local_shipping Spend over €10 for free home delivery (Excludes School Books)  place2 Hour Click & Collect Service Now Available

Indigenous peoples, title to territory, rights and resources

by Cathal M. Doyle | 25 November 2014
Category: Law Academic
Synopsis
The right of indigenous peoples under international human rights law to give or withhold their Free Prior and Informed Consent (FPIC) to natural resource extraction in their territories is increasingly recognized by intergovernmental organizations, international bodies, and industry actors, as well as in the domestic law of some States. This book offers a comprehensive overview of the historical basis and status of the requirement for indigenous peoples' consent under international law, examining its relationship with debates and practice pertaining to the acquisition of title to territory throughout the colonial era. Cathal Doyle examines the evolution of the contemporary concept of FPIC and the main challenges and debates associated with its recognition and implementation. Drawing on existing jurisprudence and evolving international standards, policies and practices, Doyle argues that FPIC constitutes an emerging norm of international law, which is derived from indigenous peoples' self-determination, territorial and cultural rights, and is fundamental to their realization. This rights consistent version of FPIC guarantees that the responses to questions and challenges posed by the extractive industry's increasingly pervasive reach will be provided by indigenous peoples themselves. The book will be of great interest and value to students and researchers of public international law, and indigenous peoples and human rights.
€168.00
504 Reward Points
Currently out of stock
Delivery 5-7 Days
Eligible for free delivery

Any purchases for more than €10 are eligible for free delivery anywhere in the UK or Ireland!

Synopsis
The right of indigenous peoples under international human rights law to give or withhold their Free Prior and Informed Consent (FPIC) to natural resource extraction in their territories is increasingly recognized by intergovernmental organizations, international bodies, and industry actors, as well as in the domestic law of some States. This book offers a comprehensive overview of the historical basis and status of the requirement for indigenous peoples' consent under international law, examining its relationship with debates and practice pertaining to the acquisition of title to territory throughout the colonial era. Cathal Doyle examines the evolution of the contemporary concept of FPIC and the main challenges and debates associated with its recognition and implementation. Drawing on existing jurisprudence and evolving international standards, policies and practices, Doyle argues that FPIC constitutes an emerging norm of international law, which is derived from indigenous peoples' self-determination, territorial and cultural rights, and is fundamental to their realization. This rights consistent version of FPIC guarantees that the responses to questions and challenges posed by the extractive industry's increasingly pervasive reach will be provided by indigenous peoples themselves. The book will be of great interest and value to students and researchers of public international law, and indigenous peoples and human rights.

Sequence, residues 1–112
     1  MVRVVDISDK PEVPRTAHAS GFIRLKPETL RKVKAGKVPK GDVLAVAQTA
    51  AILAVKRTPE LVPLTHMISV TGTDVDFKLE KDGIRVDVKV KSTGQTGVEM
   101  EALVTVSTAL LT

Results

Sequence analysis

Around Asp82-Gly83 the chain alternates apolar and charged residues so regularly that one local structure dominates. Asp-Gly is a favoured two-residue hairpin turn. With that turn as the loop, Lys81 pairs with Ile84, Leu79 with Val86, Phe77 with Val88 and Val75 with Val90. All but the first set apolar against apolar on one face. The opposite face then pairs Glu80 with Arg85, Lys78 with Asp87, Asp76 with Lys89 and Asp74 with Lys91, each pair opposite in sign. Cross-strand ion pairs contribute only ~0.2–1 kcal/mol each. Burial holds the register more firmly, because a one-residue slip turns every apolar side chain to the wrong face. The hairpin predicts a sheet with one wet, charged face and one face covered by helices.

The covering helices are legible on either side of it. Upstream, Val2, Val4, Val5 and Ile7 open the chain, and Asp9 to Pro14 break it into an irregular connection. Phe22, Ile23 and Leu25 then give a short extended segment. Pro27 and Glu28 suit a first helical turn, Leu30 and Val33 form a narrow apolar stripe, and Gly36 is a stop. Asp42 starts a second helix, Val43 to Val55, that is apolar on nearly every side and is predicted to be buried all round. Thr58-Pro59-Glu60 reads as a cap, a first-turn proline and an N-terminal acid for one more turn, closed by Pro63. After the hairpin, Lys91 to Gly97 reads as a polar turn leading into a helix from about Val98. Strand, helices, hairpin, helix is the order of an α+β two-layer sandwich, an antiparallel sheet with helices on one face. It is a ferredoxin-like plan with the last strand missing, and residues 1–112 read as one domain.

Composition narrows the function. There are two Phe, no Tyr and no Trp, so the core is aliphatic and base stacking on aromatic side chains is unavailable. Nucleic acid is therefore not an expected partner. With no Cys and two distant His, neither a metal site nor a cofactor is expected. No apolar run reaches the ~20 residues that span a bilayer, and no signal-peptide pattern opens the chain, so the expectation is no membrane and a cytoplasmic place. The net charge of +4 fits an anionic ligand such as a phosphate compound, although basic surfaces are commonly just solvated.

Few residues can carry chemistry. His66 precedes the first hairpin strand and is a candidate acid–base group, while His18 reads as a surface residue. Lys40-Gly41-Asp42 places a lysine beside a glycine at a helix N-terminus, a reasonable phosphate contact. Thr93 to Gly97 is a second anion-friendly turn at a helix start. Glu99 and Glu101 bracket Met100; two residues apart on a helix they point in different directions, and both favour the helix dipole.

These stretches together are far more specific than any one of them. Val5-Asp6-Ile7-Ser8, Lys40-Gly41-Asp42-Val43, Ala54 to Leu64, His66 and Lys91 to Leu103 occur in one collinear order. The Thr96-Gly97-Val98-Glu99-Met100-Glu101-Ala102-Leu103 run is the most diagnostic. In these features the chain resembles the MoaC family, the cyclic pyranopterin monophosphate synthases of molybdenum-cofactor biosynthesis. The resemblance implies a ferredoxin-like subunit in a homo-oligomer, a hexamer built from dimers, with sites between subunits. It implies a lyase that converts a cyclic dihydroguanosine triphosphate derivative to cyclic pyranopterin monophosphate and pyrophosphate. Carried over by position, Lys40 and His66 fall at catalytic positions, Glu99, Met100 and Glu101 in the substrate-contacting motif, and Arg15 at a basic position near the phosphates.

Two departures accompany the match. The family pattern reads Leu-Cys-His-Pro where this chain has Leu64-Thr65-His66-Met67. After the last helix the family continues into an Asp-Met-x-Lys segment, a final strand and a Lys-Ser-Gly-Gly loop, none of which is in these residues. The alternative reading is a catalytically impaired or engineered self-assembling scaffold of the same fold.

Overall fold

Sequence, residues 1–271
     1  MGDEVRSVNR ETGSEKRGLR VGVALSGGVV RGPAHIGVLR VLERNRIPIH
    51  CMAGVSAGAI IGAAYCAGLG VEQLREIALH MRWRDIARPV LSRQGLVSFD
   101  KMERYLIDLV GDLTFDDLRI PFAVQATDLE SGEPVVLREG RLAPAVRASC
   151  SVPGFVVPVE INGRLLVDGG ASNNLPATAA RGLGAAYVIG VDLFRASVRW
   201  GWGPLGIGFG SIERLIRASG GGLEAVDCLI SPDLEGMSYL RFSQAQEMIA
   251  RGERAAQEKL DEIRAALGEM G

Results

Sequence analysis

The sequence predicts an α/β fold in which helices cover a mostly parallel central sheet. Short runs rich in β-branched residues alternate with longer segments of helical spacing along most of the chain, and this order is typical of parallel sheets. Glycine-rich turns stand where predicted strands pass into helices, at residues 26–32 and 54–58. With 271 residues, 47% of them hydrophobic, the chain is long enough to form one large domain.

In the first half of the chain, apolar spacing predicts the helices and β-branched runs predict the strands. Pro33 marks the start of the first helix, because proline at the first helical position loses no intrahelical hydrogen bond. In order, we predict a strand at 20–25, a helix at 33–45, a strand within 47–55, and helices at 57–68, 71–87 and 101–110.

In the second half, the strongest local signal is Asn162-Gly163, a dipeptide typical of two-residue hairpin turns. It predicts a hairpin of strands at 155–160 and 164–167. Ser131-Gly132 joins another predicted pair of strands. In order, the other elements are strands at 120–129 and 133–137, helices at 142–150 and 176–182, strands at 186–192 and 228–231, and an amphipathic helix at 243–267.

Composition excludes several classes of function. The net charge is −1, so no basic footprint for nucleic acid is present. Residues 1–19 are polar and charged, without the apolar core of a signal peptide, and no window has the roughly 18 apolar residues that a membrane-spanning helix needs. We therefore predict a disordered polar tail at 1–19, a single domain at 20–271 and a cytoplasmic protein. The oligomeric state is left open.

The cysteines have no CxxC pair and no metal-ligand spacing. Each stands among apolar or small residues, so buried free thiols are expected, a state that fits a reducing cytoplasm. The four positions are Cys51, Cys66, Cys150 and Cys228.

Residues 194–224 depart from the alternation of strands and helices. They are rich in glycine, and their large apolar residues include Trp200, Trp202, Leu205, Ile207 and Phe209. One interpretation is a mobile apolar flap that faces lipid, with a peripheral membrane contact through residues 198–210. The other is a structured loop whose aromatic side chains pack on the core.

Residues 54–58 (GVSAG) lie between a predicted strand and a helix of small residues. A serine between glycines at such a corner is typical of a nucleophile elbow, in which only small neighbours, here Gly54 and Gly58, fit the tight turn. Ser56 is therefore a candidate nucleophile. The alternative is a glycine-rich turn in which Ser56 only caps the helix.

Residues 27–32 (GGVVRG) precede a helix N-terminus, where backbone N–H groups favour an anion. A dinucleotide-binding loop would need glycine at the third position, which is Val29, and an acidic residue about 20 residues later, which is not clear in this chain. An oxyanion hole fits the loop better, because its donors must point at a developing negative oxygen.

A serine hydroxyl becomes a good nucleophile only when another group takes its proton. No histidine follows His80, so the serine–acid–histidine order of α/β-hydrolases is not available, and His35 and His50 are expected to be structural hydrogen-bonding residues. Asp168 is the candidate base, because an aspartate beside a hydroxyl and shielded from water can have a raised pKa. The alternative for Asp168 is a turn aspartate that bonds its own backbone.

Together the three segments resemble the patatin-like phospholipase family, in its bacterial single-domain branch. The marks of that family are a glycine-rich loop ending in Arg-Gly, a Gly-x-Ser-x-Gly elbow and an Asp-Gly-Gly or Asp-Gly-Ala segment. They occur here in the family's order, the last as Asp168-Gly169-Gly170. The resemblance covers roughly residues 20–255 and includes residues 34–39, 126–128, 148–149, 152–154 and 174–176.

€168.00
504 Reward Points
Currently out of stock
Delivery 5-7 Days
Eligible for free delivery

Any purchases for more than €10 are eligible for free delivery anywhere in the UK or Ireland!


Product Details

ISBN - 9780415747769
Format -
Publisher -
Published - 25/11/2014
Categories - All, Books, Education, Law Academic
No. of Pages - 366
Weight - 1.5
Edition -
Series - - Not Available
Page Size - 24
Language - en-US
Readership Age - Not Available
Table of Contents - Not Available

Delivery And Returns

Please Note: Items in our extended range may take longer to deliver. Delivery in 5-7 Days

Place an order for over €10 to receive free delivery to anywhere in Ireland and the UK! See our Delivery Charges section below for a full breakdown of shipping costs for all destinations.

Delivery Charges

  Ireland & UK* Europe & USA Australia & Canada Rest of World
Under €10 €3.80 €10 €15 €25
Over €10
Free €10 €15 €25

*Free delivery on all orders over €10 - only applies to order total.

All orders will be delivered by An Post.